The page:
87. "Secret Wars" by Jim Shooter, Mike Zeck, Bob Layton, John Beatty and a host of other inkers (Marvel Super-Heroes Secret Wars #1-12) -121 points (1 first place vote)
In possibly the greatest comic book event series written to tie in with a toy line, Marvel Super Heroes Secret Wars is designed like the ultimate fan dream - nearly all of the major Marvel heroes of the time and nearly all the major Marvel villains of the time are thrown together on to a distant planet and forced to fight each other at the behest of a seemingly omnipotent being.
Sounds simple enough, right? But writer Jim Shooter elevates the story a bit beyond that ("beyond" that. Get it?) by showing the interesting strategies the various characters decide to employ. For instance, rather than forming a unified front, the heroes splinter into two groups, the X-Men and everyone else. The villains, similarly, are not uniform in their approach. While plenty of them are thrilled to just attack the heroes, others, like Doctor Doom, try to think of the situation more strategically.
After a series of battles (including an awesome fight between Spider-Man and the X-Men, of all people, and a sequence that ended with a mountain falling on the heroes, with only the Hulk preventing them from being crushed) Doctor Doom flips the battle field by taking control of the power of the mysterious being who brought them here. He offers a truce with the heroes. But can they truly work with him? The heroes decide...
Man, this series had some killer cliffhangers!
Mike Zeck and John Beatty were at the top of their game at the time of this series. They really excelled (and Bob Layton did a great job as a fill-in artist).
86. "Rock of Ages" by Grant Morrison, Howard Porter, Gary Frank, Greg Land, John Dell and Bob McLeod (JLA #10-15) – 122 points
Rock of Ages was a multi-layered storyline that opens with Lex Luthor leading a new team of villains known as the Injustice Gang against the JLA. However, that turns out to NOT be the main point of the story. No, as it turns out, Luthor inadvertently stumbled across an artifact that will ultimately lead to Darkseid taking control of Earth.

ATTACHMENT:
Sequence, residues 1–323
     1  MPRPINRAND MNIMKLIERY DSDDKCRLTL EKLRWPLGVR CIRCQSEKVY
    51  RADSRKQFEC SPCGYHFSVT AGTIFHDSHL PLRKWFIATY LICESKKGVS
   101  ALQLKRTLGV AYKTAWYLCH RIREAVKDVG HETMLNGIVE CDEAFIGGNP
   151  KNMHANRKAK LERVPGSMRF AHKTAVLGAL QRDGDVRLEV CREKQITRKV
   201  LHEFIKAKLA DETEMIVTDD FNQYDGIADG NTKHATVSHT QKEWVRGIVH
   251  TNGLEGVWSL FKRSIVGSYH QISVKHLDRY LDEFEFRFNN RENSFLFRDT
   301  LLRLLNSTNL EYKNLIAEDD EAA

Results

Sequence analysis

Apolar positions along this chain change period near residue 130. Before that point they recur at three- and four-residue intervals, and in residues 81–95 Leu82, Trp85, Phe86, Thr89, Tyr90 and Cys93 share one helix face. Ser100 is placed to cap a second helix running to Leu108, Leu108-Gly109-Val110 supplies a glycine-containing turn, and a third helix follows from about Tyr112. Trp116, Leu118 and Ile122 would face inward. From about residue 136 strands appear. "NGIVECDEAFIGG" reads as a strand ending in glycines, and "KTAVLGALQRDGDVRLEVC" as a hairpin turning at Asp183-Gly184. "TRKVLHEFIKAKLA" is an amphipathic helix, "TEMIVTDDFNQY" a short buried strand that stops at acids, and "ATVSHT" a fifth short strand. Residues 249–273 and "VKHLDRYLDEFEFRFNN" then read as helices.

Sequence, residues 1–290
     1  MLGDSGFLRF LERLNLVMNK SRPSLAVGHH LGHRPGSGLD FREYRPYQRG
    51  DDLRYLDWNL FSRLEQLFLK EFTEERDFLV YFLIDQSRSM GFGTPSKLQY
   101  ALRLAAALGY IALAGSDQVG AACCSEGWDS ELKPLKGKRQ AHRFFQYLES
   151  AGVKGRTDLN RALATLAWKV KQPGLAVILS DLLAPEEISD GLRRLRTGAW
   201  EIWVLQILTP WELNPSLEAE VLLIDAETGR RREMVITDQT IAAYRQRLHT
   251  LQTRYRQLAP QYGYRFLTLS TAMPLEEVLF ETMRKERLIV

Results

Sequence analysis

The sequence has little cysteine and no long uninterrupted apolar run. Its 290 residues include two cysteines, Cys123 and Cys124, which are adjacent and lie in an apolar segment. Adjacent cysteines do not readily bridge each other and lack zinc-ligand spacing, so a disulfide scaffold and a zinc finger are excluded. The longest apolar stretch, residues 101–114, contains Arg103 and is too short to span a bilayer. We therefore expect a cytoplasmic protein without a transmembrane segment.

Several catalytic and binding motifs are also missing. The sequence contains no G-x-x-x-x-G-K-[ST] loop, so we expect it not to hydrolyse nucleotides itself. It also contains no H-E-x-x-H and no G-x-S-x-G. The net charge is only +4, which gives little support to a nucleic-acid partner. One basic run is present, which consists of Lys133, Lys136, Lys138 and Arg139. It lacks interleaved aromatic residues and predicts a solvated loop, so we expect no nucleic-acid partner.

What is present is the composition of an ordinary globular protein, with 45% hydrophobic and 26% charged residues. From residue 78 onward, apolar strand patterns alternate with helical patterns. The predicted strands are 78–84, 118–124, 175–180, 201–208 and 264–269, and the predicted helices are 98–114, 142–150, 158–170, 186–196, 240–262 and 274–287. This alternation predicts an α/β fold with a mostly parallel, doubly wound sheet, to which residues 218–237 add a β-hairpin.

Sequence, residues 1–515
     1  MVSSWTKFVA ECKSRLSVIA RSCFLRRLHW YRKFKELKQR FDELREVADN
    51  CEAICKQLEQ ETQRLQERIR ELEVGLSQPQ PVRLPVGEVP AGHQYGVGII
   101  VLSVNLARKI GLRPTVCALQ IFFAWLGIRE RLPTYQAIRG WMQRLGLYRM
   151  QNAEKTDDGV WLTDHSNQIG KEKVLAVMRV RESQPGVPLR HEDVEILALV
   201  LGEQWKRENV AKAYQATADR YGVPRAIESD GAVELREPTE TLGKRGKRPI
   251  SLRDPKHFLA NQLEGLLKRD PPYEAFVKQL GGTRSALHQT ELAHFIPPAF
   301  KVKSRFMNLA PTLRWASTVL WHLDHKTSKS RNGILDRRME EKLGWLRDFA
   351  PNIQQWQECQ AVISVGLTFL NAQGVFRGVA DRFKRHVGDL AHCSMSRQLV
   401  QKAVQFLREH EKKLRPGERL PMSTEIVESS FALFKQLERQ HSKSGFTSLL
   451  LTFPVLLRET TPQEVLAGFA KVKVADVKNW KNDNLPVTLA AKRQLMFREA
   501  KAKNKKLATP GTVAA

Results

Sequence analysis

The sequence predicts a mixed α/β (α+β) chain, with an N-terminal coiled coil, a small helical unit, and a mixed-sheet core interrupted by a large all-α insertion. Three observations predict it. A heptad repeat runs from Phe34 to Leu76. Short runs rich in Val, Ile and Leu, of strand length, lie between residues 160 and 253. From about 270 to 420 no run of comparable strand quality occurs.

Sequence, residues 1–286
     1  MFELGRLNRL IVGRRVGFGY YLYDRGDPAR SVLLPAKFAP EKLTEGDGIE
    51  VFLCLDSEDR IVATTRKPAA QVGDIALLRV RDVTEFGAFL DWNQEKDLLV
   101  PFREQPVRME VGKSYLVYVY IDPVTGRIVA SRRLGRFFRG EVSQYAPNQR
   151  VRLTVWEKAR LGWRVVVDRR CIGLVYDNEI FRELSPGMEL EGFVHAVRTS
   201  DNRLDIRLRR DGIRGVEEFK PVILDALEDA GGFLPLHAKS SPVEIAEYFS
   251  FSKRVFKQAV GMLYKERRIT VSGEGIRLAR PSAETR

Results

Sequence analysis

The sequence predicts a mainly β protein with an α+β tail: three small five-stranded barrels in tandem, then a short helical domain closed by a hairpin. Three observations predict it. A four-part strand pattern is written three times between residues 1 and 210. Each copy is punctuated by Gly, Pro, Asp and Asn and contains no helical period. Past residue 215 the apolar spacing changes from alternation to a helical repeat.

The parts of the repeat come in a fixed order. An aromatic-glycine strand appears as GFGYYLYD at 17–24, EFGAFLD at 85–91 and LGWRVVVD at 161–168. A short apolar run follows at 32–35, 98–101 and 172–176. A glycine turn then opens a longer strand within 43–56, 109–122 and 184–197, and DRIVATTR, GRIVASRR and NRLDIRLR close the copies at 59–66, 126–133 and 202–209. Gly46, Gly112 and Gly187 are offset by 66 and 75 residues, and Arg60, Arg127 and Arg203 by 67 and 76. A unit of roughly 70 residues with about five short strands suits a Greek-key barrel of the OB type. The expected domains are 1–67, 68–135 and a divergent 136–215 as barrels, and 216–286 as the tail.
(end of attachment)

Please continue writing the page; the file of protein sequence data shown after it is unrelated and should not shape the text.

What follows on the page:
We cut to the future where Darkseid has, indeed, taken over the Earth and Green Lantern and Aquaman have traveled through time to this dystopic situation. Their role is only to be told of what they have to do in the past to avert this horrible future. Once they're gone, though, the people of the future still have to deal with Darkseid, leading to one of the most famous sequences of Morrison's JLA run - the time that Green Arrow and the Atom took out Darkseid.
This whole arc is filled with fascinating little bits like that. For instance, the Joker is part of Luthor's team and the only way that the Martian Manhunter can figure out how to deal with the Joker is to use his shape shifting ability to alter his own brain so that he can think like a madman. So cool.
One of the most amazing things about this story arc is that Morrison was not only dealing with Blue Superman, but he also had to deal with Wonder Woman being temporarily dead and, of course, a tie-in to a company-wide crossover IN THE MIDDLE OF THE STORYLINE!! How Morrison pulled this off is beyond me.
85. "Half a Life" by Greg Rucka and Michael Lark (Gotham Central #7-10) – 123 points (2 first place votes)
Ever since he began working on the Bat-titles, Greg Rucka was fascinated with the relationship between Two-Face and Renee Montoya. Two-Face became obsessed with the stalwart Gotham Police detective during No Man's Land and his obsession causes Renee a good deal of turmoil in "Half a Life," when Two-Face delusionally strives to drive Renee to him by destroying her personal and professional life, framing her for murder and outing her a lesbian...